This menu item is for seeking pairs of images with low fingerprint distance. If executed on a large set of images, this can be a lengthy procedure. Therefore the menu item opens a little window showing the current search state. If a search is running, it can be stopped using the "Stop" button. Otherwise it can be started with the "Start" button. The search produces a file neighbors n at the root of the configured root folder, where n is the maximal distance entered in the "Find Neighbors" window, and for each pair of images the fingerprints have a distance of at most n the file contains the relative path of one of these images.
if n = 0, then the search is quick, with linear complexity (i.e. execution time proportional to the number of images). For n > 0 the search has quadratic complexity. Pix does by far not compute the distance between each pair of fingerprints, but despite all optimizations of the algorithm it has quadratic complexity. The consequence is that the search (with low values of n) is fairly quick for, say, 10,000 images, it takes an acceptable amount of time for 100,000 images, but forget about running it over 1,000,000 images.
In the preferences of Pix, under "Search Exclusions", you can maintain a set of character strings which have the following meaning: If the relative path of a media file (with respect to the configured root folder) contains one of these strings, then it is excluded from the neighbors search. The button "Clean" removes all strings that do not actually exclude any existing path from the list.
This menu command lets you choose folders inside the configured root folder for the Fingerprints Database by their (case-insensitive!) names, which can be much faster than navigation in Finder or a regular dialog for choosing a folder — if you have a complex folder structure. The implementation is optimized for the search for folders the name of which starts with the input string (because this is assumed to be the default use case); the search for folders the name of which only contains the given string is slower. Invisible characters in folder names can cause unexpected search results. The selected folders can be openend or used for the thumbnails view by double-clicking the desired row or selecting rows and then pressing the "Open" resp. "Thumbnails" button. Opening resp. thumbnails creation can also be achieved using the keyboard shortcuts cmd-O resp. cmd-T.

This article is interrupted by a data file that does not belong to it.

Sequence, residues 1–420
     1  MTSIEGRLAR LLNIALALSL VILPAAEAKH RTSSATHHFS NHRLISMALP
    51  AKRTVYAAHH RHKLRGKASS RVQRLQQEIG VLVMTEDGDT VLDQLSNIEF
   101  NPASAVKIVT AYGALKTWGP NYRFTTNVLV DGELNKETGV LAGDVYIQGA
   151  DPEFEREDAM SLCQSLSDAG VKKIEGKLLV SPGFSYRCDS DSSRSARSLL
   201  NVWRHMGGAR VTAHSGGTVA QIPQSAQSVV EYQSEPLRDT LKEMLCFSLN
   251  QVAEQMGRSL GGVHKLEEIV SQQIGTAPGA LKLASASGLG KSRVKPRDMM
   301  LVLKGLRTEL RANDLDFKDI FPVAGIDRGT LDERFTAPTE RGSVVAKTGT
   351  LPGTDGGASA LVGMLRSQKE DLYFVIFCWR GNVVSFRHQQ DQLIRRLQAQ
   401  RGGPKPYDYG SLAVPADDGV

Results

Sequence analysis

Pix keeps the folders databaase in memory and does not update it after it was created. For adapting it to changes in the file system you have to restart Pix.
This menu item does the following: Pix will ask you for a folder. Then it will determine the smallest positive natural number such that this folder does not contain a subfolder the name of which starts with this number, and will create a subfolder having this number as its name.
This menu item does the following: Pix will ask you for a folder ƒ. Then it will list in a new window under the heading "Quasi-Empty Folders" all folders inside ƒ that contain only irrelevant files like ".DS_Store" or "Icon\r", where '\r' is the carriage return character. Clicking on an item in the list opens the respective folder in the Finder. All these folders can be moved to a common location using the button "Move All Quasi-Empty…". The button "Cancel" cancels parsing ƒ.